© 2019 Doddridge County Heritage Guild

The Tragic Story of Charlotte Potter

As we walk through our cemeteries, we see the names of all those who lived and died here long before us. We may only see names and dates etched into these fading stones, but if you look into their stories, you will get a glimpse of what it was like to live here over 150 years ago. It was a time when disease, war and disaster were an ever-present threat. We learn from the story of Charlotte Potter that these tragedies could strike at any time. And sometimes they struck the same person over and over again.

 

Charlotte Potter was born in 1797 in Allegany County, Maryland. In 1817 she married Noah Hillary Dawson. Charlotte and Noah had at least five children together. But Noah died after only twelve years of marriage.  After ten years of widowhood, Charlotte married Jacob Green in 1839, also in Allegany County, Maryland. They had one child together, William P. Green, before Charlotte was again widowed by Jacob’s death in 1855. At some point after Jacob’s death, Charlotte moved to West Union with her son, William. Whether she came with her older children, Amanda, Catherine, Jackson, John T., and Rebecca, is not known. Daughters Catherine and Rebecca Dawson both married Duckworths and were living here in Doddridge County before 1855. Her son Jackson Dawson, his wife and five daughters, were also here before 1856. Her son John T. Dawson and his family were living in Wilbur by 1853. My guess is that all of the siblings moved here prior to 1853 and that Charlotte moved to West Union after the death of her husband in 1855 to be with her family.

Charlotte experienced her first heartache from the death of a child just a few months before her husband, Jacob, would die. Charlotte lost her 39-year-old daughter, Amanda Dawson Myers, to tuberculosis on April 3, 1855. Amanda, her husband Upton B. Myers, and their four children were living on Dotson’s Run in Greenwood at the time of her death. Her burial location is unknown. After Amanda died, her 10-year-old daughter, Luvena Myers, went to live with Amanda’s brother, Jackson Dawson and his family, in West Union.

 

An even greater tragedy would occur less than a year and a half later. On September 25, 1856, Charlotte lost her son and six granddaughters in a devastating fire. Jackson Dawson, his wife, five daughters and his niece, Luvena, were all asleep in their house in West Union when a fire started in the kitchen. The following excerpt is from Hardesty’s 1883 History of Doddridge County:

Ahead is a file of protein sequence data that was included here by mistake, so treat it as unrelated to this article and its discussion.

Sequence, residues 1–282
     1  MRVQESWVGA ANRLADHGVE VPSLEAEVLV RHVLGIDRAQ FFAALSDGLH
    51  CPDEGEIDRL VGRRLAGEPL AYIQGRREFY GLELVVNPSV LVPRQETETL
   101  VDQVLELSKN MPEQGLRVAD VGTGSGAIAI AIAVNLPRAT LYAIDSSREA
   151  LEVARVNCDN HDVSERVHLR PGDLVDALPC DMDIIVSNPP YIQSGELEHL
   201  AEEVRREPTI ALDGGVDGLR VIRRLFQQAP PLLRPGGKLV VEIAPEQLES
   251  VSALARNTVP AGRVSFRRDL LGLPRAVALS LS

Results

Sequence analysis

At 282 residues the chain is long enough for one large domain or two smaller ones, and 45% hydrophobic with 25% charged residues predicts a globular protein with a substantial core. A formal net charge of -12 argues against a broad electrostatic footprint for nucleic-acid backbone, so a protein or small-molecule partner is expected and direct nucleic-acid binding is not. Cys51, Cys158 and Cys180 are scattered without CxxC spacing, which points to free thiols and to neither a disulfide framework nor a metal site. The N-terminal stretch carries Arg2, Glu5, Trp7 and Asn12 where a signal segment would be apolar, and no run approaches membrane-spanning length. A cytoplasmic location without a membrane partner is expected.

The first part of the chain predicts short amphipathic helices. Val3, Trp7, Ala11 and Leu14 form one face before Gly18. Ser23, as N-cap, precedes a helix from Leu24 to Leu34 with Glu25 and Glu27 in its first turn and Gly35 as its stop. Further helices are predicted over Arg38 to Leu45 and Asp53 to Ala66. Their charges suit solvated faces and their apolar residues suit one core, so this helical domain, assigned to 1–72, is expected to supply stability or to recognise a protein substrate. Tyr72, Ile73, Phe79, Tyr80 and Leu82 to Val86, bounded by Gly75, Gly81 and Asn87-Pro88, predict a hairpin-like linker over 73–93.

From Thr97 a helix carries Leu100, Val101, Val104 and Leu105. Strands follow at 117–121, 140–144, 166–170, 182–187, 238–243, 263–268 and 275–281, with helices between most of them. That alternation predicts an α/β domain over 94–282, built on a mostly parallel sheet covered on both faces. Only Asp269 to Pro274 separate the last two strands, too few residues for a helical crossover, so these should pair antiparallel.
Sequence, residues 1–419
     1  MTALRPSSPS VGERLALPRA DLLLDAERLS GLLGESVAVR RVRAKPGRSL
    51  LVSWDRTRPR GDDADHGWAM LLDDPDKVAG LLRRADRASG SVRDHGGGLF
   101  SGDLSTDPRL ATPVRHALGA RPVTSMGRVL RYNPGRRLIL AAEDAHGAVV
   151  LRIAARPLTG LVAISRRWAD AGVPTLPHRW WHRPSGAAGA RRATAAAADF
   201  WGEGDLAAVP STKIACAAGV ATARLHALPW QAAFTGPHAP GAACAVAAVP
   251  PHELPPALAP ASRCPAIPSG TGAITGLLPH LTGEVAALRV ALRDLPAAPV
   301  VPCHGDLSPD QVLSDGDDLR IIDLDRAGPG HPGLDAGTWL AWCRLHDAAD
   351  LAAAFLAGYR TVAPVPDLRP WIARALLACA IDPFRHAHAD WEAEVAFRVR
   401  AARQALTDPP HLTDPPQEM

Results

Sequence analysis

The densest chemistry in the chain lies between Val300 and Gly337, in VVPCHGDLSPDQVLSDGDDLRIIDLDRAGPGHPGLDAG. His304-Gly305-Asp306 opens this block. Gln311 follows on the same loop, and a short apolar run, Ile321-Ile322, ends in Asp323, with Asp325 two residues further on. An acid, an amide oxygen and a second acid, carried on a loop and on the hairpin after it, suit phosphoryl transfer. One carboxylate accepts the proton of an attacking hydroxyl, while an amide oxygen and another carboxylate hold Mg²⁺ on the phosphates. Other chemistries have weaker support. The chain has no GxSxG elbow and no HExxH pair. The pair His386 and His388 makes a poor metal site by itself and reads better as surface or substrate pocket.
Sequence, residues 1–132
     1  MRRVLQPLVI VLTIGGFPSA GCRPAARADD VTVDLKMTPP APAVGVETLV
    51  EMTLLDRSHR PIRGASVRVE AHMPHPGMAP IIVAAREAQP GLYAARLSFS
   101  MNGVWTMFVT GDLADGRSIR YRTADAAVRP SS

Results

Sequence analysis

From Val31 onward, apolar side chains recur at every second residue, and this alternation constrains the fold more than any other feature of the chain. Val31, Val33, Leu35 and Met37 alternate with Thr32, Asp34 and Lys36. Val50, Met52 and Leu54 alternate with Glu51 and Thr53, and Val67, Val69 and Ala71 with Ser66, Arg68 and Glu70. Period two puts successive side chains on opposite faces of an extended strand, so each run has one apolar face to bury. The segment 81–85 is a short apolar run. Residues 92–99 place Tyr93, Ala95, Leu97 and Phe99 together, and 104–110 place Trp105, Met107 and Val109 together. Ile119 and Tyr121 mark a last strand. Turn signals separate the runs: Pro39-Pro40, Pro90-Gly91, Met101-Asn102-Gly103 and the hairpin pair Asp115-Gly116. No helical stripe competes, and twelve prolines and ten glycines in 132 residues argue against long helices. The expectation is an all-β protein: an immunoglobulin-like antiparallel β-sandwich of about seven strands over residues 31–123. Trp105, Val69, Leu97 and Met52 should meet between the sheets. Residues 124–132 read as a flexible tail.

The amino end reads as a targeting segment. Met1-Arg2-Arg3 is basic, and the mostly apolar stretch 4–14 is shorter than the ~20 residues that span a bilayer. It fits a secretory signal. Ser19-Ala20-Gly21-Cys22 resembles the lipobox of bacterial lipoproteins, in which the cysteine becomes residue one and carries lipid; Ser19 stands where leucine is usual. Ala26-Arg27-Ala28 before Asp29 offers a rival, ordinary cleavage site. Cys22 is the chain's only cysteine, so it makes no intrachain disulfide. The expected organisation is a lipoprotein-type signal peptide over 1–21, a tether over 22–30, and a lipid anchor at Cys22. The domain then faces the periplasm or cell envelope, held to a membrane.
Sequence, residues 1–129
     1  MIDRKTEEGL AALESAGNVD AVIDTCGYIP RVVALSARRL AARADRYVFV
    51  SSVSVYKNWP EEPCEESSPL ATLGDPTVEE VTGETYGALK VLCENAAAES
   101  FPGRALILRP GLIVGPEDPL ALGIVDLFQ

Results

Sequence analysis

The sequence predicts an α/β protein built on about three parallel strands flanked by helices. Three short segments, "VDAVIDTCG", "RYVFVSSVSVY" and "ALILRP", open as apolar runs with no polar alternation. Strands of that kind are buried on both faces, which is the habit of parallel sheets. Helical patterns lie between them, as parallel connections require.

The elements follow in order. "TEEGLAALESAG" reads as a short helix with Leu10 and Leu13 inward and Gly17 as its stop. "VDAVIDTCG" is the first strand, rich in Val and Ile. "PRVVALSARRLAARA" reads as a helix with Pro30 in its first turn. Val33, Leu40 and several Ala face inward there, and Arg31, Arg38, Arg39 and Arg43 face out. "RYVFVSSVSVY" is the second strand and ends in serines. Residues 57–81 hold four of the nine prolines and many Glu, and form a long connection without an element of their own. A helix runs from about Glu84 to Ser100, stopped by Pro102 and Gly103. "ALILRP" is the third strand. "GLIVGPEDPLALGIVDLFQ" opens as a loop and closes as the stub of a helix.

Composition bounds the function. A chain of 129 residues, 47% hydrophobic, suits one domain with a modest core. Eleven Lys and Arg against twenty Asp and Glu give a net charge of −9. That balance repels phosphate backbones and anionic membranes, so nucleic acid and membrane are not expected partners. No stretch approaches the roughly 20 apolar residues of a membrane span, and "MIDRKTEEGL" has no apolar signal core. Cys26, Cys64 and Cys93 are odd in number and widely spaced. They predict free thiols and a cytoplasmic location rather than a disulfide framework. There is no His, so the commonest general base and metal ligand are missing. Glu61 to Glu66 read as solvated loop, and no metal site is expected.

THE BURNING OF THE DAWSON FAMILY.

"One of the most heart-sickening recitals in the history of Western Virginia, is that of the burning of the Dawson family, on the night of the 25th of September, 1856. The facts as gleaned by the writer are as follows: At the time, Jackson Dawson, his wife, five children of their own and a little girl of the name of Luvena Mires, resided in a frame house of a story and a half in height, which was located in the western part of the town, on the spot on which the residence of John Dye now stands. It was dark, chilly night at the hour of 1 AM when the alarm was given. The fire had started from the kitchen in the rear of the house, and the building, being constructed of the most inflammable material, the flames spread with frightful rapidity. Every member of the family was soundly sleeping, and when the alarm was given the father and mother rushed in a semi conscious condition from the building, but no sooner out than the father, crazed to frenzy at the perilous condition of his children, rushed into the burning building and lost his life in an attempt to rescue the helpless ones. Oh, the terrible scene; who, when at this late day, can bear to think of it? Six little helpless girls enwrapped in hissing flames, from which come their cries for help, but soon the last murmur is hushed in death and the awful scene is past. When daylight came Joseph Cheuvront, the undertaker, repaired to the fatal spot, and from the ruins collected the charred remains of half a dozen human beings, placed all in a box, which was then deposited in the cemetery, where they now repose. If the traveler who visits the town of West Union will stroll into the cemetery there, he will discover an ivy-covered mound, at the head of which stands a broad marble slab, from which he may read the following inscription: